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At the beginning of the year, EFIC kicked off the work on our pain research strategy working with a multidisciplinary steering committee. The pain strategy will serve as a foundation stone for European pain research plans for years to come. The overall vision will be to optimise understanding and management of pain through promoting high-quality, collaborative basic, pre-clinical, translational, and clinical research. For any questions, please feel free to reach out to EFIC Research Projects Advisor Mary O’Keeffe here: mary.okeeffe@sydney.edu.au.
 
 
This is your chance to contribute to the research strategy of the European Pain Federation EFIC. Participate now to:
 

The following papers and roadmaps were used as the basis to develop our own pain research strategy:

Challenges and Opportunities in Translational Pain Research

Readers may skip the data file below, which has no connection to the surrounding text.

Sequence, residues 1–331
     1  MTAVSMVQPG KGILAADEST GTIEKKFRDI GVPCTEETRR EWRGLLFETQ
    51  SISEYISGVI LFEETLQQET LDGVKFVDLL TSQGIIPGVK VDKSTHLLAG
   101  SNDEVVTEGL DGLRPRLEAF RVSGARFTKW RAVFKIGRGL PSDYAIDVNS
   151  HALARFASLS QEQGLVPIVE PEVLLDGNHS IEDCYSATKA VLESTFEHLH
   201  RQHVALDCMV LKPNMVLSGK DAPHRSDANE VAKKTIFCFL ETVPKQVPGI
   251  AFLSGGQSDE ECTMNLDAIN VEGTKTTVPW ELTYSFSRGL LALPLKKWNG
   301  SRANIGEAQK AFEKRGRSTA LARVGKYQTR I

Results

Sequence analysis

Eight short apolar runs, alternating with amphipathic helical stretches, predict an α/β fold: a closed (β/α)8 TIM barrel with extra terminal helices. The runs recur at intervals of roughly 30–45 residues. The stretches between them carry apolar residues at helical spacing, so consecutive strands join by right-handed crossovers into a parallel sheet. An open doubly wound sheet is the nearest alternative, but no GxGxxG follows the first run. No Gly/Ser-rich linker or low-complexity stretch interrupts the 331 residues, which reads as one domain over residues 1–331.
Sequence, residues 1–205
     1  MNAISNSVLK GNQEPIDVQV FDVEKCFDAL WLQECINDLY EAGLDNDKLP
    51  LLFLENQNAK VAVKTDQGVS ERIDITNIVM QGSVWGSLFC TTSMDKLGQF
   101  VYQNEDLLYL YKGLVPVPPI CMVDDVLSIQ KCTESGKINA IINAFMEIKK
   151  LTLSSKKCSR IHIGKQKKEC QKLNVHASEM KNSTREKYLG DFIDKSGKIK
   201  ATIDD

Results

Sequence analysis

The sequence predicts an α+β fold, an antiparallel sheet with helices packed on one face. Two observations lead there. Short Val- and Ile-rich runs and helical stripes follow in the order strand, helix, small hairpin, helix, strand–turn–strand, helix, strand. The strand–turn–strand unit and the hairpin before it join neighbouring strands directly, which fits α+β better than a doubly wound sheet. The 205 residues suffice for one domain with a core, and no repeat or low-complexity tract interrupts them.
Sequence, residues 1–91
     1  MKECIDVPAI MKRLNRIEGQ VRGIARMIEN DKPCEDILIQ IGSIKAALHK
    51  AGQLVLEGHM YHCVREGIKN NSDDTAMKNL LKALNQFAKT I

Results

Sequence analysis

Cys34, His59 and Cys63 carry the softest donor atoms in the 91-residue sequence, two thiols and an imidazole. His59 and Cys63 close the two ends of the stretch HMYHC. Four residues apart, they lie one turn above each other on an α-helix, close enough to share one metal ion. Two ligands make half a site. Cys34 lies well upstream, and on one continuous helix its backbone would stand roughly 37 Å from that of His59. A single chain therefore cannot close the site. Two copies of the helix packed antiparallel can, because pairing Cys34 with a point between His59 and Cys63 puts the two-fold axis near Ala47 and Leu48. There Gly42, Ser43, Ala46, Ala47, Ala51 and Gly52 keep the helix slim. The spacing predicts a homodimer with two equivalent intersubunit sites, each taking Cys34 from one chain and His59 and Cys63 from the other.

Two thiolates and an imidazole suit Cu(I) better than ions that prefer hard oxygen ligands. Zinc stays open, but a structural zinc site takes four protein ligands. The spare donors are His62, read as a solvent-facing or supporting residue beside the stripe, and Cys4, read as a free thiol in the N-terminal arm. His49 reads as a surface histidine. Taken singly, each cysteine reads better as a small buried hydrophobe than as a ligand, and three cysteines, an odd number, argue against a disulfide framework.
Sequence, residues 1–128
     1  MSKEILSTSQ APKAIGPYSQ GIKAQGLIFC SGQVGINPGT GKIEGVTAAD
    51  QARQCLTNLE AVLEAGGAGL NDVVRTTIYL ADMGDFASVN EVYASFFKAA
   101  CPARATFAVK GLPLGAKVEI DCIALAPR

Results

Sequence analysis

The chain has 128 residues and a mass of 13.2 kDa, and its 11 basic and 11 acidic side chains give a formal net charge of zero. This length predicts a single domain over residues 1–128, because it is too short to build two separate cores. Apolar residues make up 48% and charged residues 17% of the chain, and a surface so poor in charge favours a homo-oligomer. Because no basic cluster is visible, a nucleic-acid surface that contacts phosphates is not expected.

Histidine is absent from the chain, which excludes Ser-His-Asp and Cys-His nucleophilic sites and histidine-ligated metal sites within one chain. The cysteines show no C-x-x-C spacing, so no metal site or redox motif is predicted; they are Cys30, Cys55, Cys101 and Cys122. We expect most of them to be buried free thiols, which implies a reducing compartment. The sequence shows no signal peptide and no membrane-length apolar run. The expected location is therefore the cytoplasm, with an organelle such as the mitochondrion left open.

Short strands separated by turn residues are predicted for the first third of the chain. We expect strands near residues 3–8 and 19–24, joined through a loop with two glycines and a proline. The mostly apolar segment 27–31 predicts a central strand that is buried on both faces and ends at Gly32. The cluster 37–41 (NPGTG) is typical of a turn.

Our understanding of pain has increased significantly over the past 40 years, allowing us to understand basic pain mechanisms and develop treatments for improved pain management. However, there are many challenges preventing us from applying basic science towards improved clinical outcomes. Likewise, our assumptions of what works for patients are sometimes difficult to validate with preclinical modelling. The European Pain Federation EFIC position paper on challenges and opportunities in translational pain research attempts to define what is holding back our understanding and point towards solutions. The paper, developed by the EFIC Translational Research Working Group under chair Thomas Graven Nielsen, should act as a touch stone for the scientific community and has recommendations for the conduct of both basic and clinical research. Read the full paper here.

SIP Position Paper on the 9th Framework Programme

This is a position paper on the research priorities for Europe in the next EU Multiannual Financial Framework, developed with the partners of the Societal Impact of Pain. Read the full paper here.

Versus Arthritis Pain Roadmap

Co-produced by people living with pain, healthcare professionals and researchers, this paper sets out a research roadmap, drawing together the 14 most vital challenges to address in future pain research. Read the roadmap here.